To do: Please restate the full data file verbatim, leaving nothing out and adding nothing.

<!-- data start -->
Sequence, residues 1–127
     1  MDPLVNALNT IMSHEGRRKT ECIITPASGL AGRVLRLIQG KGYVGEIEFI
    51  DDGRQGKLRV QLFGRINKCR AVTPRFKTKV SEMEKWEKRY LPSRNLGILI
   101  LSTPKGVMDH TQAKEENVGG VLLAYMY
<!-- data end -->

Sequence, residues 1–127
     1  MDPLVNALNT IMSHEGRRKT ECIITPASGL AGRVLRLIQG KGYVGEIEFI
    51  DDGRQGKLRV QLFGRINKCR AVTPRFKTKV SEMEKWEKRY LPSRNLGILI
   101  LSTPKGVMDH TQAKEENVGG VLLAYMY